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Barrick Museum Welcomes Acclaimed Writer Lawrence Weschler April 17

Longtime New Yorker writer will explore ways art and science have been approached together, and separately, over the years.
Arts & Culture  |  Apr 12, 2018  |  By Jennifer Vaughan
Media Contact: Jennifer Vaughan, 702/895-1575
Lawrence Weschler

Lawrence Weschler 

The Marjorie Barrick Museum of Art is proud to welcome acclaimed writer Lawrence Weschler at 7 p.m. April 17 for a talk titled "Art and Science as Parallel and Divergent Ways of Knowing." The lecture is sponsored by the UNLV Department of Art and the Beverly Rogers, Carol C. Harter Black Mountain Institute.

Artists and scientists tend to think of their ways of probing the world as distinctly different, but such was not always the case. In fact, the divide is only a few centuries old. Nor may the differences be all that distinct—or even real. In a lecture originally developed for a conference sponsored by the National Science Foundation, longtime New Yorker writer Weschler—director emeritus of the New York Institute for the Humanities at NYU (where the sciences were emphatically included as part of and central to the humanities) and author, among others, of Mr. Wilson's Cabinet of Wonder and Everything that Rises: A Book of Convergences—will extrapolate on such themes, with side-meanders into the thinking of artists Robert Irwin and David Hockney (subjects of his two most recent books) and a whole new interpretation of Rembrandt's "Anatomy Lesson."

Weschler (born 1952, Van Nuys, California), a graduate of Cowell College of the University of California at Santa Cruz, was for more than 20 years a staff writer at The New Yorker, where his work shuttled between political tragedies and cultural comedies.  He is a two-time winner of the George Polk Award (for cultural reporting in 1988 and magazine reporting in 1992) and was also a recipient of Lannan Literary Award.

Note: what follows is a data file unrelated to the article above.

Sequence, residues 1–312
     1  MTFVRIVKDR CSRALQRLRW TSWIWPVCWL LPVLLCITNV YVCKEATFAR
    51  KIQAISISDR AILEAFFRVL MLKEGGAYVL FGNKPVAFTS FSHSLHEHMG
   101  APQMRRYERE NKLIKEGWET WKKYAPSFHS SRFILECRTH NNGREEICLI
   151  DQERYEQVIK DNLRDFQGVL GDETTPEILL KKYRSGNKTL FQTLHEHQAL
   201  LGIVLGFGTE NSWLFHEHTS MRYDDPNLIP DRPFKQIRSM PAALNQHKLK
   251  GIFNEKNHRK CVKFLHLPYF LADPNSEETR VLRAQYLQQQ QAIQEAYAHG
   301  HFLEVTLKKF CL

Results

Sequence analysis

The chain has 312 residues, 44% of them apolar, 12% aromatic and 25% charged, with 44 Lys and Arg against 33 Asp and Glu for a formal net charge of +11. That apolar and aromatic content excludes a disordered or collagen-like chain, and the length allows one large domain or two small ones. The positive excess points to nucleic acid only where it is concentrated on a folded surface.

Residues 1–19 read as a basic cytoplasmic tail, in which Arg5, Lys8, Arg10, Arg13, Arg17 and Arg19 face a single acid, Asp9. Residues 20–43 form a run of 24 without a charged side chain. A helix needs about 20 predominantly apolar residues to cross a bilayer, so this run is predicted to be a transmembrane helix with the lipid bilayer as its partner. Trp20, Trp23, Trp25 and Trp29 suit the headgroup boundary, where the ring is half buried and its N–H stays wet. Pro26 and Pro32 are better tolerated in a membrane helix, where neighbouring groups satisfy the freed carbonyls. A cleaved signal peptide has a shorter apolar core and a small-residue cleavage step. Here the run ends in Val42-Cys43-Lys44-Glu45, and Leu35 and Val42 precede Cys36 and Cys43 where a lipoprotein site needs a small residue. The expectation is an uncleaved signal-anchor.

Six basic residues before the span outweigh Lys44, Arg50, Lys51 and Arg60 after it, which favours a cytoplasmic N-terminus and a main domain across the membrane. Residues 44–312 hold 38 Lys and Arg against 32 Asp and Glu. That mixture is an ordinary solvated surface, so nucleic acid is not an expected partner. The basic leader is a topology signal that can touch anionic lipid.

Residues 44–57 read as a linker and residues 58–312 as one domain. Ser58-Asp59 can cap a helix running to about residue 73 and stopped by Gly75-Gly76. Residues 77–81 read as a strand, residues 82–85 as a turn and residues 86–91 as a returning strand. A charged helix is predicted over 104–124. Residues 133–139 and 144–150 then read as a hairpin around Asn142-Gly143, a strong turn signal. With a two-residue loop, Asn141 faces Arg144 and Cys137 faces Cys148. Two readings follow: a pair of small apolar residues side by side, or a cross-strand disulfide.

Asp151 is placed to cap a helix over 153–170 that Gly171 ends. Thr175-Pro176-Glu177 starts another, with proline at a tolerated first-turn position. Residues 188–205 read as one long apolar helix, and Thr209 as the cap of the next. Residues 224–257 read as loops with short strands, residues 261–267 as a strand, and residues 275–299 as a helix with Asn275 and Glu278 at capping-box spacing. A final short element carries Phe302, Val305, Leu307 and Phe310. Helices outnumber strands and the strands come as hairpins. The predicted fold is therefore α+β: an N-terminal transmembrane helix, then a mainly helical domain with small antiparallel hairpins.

His books of political reportage include The Passion of Poland (1984); A Miracle, A Universe: Settling Accounts with Torturers (1990); and Calamities of Exile: Three Nonfiction Novellas (1998). Mr. Wilson was shortlisted for both the Pulitzer Prize and the National Book Critics Circle Award; and Everything that Rises received the 2007 National Book Critics Circle Award for Criticism.

Weschler has taught, variously, at Princeton, Columbia, UCSC, Bard, Vassar, Sarah Lawrence, and NYU, where he is now distinguished writer in residence at the Carter Journalism Institute.

He recently graduated to director emeritus of the New York Institute for the Humanities at NYU, where he has been a fellow since 1991 and was director from 2001-2013, and from which base he had tried to start his own semiannual journal of writing and visual culture, Omnivore.  He is also the artistic director emeritus, still actively engaged, with the Chicago Humanities Festival, and curator for New York Live Ideas, an annual body-based humanities collaboration with Bill T. Jones and his NY Live Arts. 

Once, happening upon a Portuguese edition of Weschler’s 1990 book on torture in Latin America during a photo opportunity in a Rio shopping mall, Chilean General Augusto Pinochet flipped through its pages for a few moments, whereupon he pronounced, “Lies, all lies. The author is a liar and a hypocrite.”